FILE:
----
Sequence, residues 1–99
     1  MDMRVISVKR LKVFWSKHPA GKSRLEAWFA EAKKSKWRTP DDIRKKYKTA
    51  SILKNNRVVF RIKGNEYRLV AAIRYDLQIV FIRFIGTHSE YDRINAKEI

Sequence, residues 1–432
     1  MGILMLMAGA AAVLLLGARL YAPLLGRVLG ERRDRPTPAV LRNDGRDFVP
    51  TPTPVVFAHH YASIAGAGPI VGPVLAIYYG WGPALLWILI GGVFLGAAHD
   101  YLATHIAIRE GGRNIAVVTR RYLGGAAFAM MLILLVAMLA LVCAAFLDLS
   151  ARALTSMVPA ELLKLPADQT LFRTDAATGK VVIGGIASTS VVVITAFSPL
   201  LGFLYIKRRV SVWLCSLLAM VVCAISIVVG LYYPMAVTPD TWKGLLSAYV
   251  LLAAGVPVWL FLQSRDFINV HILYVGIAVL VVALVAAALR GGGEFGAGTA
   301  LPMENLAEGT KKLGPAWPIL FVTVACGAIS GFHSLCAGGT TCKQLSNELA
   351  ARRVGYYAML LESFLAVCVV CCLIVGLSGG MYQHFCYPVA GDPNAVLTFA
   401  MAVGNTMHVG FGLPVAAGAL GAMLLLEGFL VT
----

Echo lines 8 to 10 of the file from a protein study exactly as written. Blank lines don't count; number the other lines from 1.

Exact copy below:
   151  ARALTSMVPA ELLKLPADQT LFRTDAATGK VVIGGIASTS VVVITAFSPL
   201  LGFLYIKRRV SVWLCSLLAM VVCAISIVVG LYYPMAVTPD TWKGLLSAYV
   251  LLAAGVPVWL FLQSRDFINV HILYVGIAVL VVALVAAALR GGGEFGAGTA